Monday, 25 April 2011

Paul Patrick: Sabarimala Pilgrimage

Photo © Paul Patrick- All Rights Reserved
Paul Patrick is a Norwegian freelance documentary photographer who started traveling the world alone at very early age. His quest was stories to tell with his camera. Since starting his travels, he has produced stories on Algeria, Burkina Faso, China, Europe, Ghana, India, Nepal and Morocco.

What drew my attention to his website was that one of his galleries is of Sabarimala pilgrimage in Kerala which Paul describes as one of the largest religious festivals in the world, with an estimated 50-60 million pilgrims visiting it every year. It's virtually unknown outside of India.

The Sabarimala pilgrimage is frequently described by the Indian press as the 'Mecca of Hindus'. The temple is dedicated to Ayyappa, who is believed to be Shiva’s third son and brother of Murugan and Ganesha. It is situated on the mountain ranges of the Western Ghats. The temple is accessible only by foot, and the millions of pilgrims to Sabarimala vow to abstain from sex, and other acts, for 41 days before embarking on the pilgrimage. No women over the age of 60 is allowed on this pilgrimage, nor are girls younger than 6. The routes taken by the pilgrims can range in distance between 8 kilometers (the shortest one) and another of more than 60 km across three hills.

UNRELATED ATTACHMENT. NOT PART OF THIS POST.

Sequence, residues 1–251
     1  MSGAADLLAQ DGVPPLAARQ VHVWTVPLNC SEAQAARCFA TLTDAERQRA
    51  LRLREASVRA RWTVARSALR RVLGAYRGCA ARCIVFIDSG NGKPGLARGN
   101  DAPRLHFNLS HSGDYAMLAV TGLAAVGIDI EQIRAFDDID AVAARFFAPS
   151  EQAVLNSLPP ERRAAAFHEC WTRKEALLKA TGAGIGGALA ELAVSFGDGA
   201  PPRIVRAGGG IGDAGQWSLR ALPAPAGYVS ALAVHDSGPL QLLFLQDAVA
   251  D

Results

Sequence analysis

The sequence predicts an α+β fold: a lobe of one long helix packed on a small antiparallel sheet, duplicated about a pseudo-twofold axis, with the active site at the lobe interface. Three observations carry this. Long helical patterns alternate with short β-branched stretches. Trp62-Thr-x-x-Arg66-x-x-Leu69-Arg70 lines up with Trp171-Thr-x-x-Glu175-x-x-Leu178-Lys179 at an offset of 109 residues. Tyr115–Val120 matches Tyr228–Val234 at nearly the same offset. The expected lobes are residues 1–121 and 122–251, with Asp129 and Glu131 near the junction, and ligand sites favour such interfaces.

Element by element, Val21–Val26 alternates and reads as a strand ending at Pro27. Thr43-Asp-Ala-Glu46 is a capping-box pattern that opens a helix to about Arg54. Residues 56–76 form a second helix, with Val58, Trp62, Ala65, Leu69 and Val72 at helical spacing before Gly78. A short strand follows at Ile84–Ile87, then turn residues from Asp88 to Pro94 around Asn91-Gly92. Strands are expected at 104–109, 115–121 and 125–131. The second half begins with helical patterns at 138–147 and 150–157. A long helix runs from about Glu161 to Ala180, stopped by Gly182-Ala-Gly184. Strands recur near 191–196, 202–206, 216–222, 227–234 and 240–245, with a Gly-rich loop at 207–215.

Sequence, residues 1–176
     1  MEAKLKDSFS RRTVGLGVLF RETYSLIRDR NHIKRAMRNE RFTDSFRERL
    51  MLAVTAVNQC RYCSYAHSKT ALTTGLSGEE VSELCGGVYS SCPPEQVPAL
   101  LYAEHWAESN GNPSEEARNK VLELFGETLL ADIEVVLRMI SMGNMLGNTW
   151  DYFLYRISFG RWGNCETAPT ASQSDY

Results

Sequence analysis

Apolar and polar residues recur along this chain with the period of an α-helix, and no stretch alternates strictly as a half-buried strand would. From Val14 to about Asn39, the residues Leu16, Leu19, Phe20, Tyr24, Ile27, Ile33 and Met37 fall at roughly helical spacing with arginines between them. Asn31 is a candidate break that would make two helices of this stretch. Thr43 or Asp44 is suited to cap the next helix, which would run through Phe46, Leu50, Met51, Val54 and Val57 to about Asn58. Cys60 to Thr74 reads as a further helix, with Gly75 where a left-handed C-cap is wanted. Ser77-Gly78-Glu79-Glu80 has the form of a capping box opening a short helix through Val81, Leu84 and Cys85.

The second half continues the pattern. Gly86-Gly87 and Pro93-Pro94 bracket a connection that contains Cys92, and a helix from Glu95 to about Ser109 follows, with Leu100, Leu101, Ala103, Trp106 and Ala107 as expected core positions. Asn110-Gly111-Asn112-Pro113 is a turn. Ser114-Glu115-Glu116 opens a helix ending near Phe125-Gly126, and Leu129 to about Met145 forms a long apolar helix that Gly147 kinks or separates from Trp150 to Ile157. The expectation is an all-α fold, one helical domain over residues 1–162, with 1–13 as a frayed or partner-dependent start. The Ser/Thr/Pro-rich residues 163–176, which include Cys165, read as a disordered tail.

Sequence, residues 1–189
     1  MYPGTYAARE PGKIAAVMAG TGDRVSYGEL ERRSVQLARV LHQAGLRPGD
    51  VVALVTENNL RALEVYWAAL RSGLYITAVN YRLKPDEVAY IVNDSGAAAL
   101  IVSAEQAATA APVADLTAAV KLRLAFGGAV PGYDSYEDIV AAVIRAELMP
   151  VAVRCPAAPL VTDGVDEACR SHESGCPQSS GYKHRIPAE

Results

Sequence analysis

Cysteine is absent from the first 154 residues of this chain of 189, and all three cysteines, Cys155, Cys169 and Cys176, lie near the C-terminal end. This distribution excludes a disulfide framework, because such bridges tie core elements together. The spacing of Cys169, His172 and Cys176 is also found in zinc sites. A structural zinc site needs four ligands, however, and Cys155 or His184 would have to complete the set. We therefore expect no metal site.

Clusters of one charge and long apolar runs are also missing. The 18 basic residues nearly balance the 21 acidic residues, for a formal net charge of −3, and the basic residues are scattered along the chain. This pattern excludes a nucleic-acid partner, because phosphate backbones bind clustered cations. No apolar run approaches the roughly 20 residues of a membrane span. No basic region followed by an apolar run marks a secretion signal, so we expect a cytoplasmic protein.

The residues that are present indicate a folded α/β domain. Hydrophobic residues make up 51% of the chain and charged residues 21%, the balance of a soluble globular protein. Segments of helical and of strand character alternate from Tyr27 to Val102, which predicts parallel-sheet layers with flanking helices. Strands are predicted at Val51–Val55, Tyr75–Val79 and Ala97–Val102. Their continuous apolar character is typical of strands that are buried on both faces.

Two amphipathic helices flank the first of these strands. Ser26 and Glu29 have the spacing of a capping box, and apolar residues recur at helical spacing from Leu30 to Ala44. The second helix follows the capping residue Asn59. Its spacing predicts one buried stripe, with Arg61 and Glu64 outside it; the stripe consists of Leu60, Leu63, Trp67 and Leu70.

Note: I am in the process of scheduling a photo~expedition in March 2012 to document a couple of religious festivals in Kerala (but not Sabarimala though). Details will be forthcoming shortly.

Note: Sreekanth Sivaswamy, a photographer and reader of this blog emailed me a correction. It's women between certain ages (some websites claim it's between 6 and 60, while others it's between 10 and 50) who are not allowed to enter the temple, since the legend attributed to Ayyappa prohibits the entry of the women in the menstrual age group.